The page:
One of the classes I’m taking this term focuses on computer security. Each week we’re required to write a summary of what we learned, of which this is the first. If your eyes are already glazing over, fear not! We’re also required to frame it for an audience with no specific knowledge of computer security, so hopefully I can manage to keep it relevant and interesting.
This week’s material was divided into two parts:
- A series of lectures by Christiaan Beek, a computer security expert at McAfee
- A basic laboratory exercise in which we were required to observe the behavior of a piece of malware
Whenever I’m learning a new subject I like to keep a list of definitions. After all, knowing the lingo is an important part of knowing just about anything. Here are the terms I came across this week:
- Malware: Something you don’t want on your machine. A portmanteau of malicious software. A general term for viruses, trojans, etc.
- Virus: A type of malware defined by the fact that it replicates itself. Also known to spread itself via networks.
- Trojan: a type of malware which gains access to a system through some form of deception, generally does not replicate itself.
- Packer: Used to encrypt malware in order to avoid detection by anti-virus software.
- Ransomware: Malware that encrypts a victim’s files until they pay a ransom.
- Anti-Virus: Also known as “AV.” Generally, software designed to protect against or remove malware.
- APT: Acronym for an advanced, persistent threat. An attacker with skill, resources, and motivation to pursue a particular target.
- Honeypot: Something that is used to attract malware so that it can be investigated or contained. Could be a file, a system, or something else.
- Goat: A system that is “sacrificed” in the interest of investigating malware.
- Patient zero: The machine on which an infection started.
- Dynamic analysis: Studying malware by observing what it does while executing.
- Static analysis: Studying malware by looking at its structure or code without executing.
- Checksum: Viruses are identified by their checksum.
In addition to adding new terminology, the presenter also discussed why people write and deploy malware. Needless to say, money is a common driver, as is the case for many types of criminal activity. Someone may write malware to steal credit card numbers, or to encrypt someones files until they pay a ransom. Malware may also be written for political purposes, as in the Democratic National Committee hacks during the 2016 presidential election. It might be written for notoriety, out of curiosity, or, in the words of the presenter, “to see how far one can take things.”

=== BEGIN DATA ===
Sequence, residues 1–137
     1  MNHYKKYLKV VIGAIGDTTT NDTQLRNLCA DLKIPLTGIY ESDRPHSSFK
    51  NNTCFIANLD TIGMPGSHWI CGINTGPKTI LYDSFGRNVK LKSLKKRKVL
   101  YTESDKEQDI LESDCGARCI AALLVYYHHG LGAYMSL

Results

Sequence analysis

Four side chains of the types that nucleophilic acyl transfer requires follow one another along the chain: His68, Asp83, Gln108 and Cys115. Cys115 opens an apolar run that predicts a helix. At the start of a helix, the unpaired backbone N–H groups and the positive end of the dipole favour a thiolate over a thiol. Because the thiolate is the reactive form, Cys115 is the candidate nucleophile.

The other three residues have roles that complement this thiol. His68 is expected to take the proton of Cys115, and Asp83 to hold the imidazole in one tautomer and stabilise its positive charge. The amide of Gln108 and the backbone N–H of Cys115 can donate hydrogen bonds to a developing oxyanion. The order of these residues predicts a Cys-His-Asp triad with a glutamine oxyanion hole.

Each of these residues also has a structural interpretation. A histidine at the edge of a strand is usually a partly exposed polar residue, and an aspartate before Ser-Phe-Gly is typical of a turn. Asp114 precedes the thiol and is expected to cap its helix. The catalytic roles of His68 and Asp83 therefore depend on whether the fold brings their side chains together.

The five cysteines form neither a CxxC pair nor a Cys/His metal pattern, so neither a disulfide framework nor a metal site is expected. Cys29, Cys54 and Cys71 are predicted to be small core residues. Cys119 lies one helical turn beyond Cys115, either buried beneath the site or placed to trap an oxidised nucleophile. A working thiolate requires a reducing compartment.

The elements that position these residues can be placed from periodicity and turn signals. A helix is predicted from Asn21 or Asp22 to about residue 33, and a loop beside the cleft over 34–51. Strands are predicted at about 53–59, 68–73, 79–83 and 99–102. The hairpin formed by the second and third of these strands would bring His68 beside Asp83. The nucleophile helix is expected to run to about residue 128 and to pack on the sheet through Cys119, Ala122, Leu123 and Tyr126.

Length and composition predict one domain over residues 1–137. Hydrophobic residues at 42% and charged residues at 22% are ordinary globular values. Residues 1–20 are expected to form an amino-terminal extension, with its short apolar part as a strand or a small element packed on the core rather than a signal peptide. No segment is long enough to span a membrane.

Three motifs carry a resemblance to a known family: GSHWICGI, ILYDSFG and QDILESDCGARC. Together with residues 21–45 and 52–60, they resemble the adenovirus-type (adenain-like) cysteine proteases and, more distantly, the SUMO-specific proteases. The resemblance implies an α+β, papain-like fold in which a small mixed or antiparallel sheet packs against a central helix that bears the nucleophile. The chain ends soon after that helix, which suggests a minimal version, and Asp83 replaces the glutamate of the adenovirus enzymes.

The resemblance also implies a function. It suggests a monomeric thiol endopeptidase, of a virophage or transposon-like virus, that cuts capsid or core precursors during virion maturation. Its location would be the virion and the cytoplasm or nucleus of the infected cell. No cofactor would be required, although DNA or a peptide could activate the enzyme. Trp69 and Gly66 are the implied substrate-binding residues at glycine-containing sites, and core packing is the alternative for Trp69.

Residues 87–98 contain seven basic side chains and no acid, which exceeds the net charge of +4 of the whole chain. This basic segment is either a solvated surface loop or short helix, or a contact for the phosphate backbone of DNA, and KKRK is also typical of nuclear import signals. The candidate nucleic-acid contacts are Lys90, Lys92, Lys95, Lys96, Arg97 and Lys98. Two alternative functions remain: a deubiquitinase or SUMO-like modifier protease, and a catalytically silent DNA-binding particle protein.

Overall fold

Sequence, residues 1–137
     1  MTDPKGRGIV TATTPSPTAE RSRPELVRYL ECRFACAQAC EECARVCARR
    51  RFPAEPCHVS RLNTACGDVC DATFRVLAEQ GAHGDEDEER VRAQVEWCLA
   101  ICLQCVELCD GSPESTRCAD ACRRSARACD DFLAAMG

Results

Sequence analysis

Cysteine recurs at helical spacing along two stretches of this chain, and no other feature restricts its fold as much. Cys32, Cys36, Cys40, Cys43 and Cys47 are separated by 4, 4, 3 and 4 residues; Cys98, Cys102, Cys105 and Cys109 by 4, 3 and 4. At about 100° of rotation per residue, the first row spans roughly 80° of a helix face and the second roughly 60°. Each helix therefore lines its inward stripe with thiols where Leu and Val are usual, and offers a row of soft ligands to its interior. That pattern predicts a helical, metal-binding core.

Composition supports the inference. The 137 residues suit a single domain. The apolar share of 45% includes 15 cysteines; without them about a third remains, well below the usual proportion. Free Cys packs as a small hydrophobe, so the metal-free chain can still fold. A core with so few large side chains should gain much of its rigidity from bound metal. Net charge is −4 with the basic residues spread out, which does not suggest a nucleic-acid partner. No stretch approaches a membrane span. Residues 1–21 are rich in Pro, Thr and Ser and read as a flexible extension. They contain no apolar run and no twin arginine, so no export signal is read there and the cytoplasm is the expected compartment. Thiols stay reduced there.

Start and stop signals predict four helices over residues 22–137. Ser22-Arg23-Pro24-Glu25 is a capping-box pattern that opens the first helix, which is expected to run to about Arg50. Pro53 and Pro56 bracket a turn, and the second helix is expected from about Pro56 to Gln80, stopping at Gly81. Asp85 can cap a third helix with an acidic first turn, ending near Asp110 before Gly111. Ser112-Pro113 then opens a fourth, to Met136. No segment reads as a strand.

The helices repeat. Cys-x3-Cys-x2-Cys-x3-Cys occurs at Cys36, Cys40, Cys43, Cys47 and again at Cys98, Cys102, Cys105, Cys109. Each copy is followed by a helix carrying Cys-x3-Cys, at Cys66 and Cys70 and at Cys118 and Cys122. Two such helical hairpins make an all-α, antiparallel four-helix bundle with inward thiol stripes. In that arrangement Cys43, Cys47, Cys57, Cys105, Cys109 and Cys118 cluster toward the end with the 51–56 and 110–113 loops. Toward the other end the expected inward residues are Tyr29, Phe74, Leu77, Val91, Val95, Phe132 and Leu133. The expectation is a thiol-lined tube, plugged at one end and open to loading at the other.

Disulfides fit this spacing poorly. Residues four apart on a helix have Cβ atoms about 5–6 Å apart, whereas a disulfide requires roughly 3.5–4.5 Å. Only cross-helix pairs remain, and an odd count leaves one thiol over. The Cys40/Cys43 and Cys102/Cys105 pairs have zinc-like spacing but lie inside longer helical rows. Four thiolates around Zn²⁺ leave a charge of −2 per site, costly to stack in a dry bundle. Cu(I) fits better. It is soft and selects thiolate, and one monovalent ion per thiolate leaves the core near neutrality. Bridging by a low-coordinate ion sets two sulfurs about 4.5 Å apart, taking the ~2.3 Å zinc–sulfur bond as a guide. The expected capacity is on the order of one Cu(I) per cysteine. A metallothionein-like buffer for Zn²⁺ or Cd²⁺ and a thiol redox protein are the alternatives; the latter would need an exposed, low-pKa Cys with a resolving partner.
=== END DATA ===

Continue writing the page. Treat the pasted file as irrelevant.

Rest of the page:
The presenter discussed also gave a brief overview the ways in which computer systems are vulnerable to attack. These include the user, who might click on a link which allows malware access to their system. Oftentimes the software itself is vulnerable. He mentioned that vulnerabilities exist in Windows XP that cannot be fixed. As such, if a system running Windows XP is connected to the internet it will almost certainly be compromised.
I learned about a variety of tools from this week’s material, namely:
- AntiSpy: Allows tracking down viruses and malware.
- FlyPaper: Freezes processes before they exit so that they can be examined.
- FakeNet: Sets up a fake network to catch traffic.
- Process Monitor: For tracking and monitoring processes.
- Process Explorer: For monitoring processes.
- Volatility: Allows the examination of the contents of random access memory.
All of these applications run on Windows (though they may have Unix or other variants) and were used in the lab detailed below (with the exception of Volatility).
This week’s lab required us to run a piece of malware on a virtual machine (VM). Running malware in a VM provides many benefits, namely that it isolates the effect of the malware and allows easily returning to previous states (snapshots).
I had a lot of trouble getting the VM to run properly. At first I wasn’t sure whether this was the malware or another program or a lack of resources for the VM. Eventually I discovered that it was a resources issue and so was able to complete the lab by running analysis tools one at a time.
The malware is a type of trojan which writes and deletes some files, modifies the hosts file, and attempts to download files from the internet. These effects were explored using the applications detailed above.
Side note: When I searched for the checksum of the malware we observed in the lab, I was able to find a listing for it on McAfee’s website.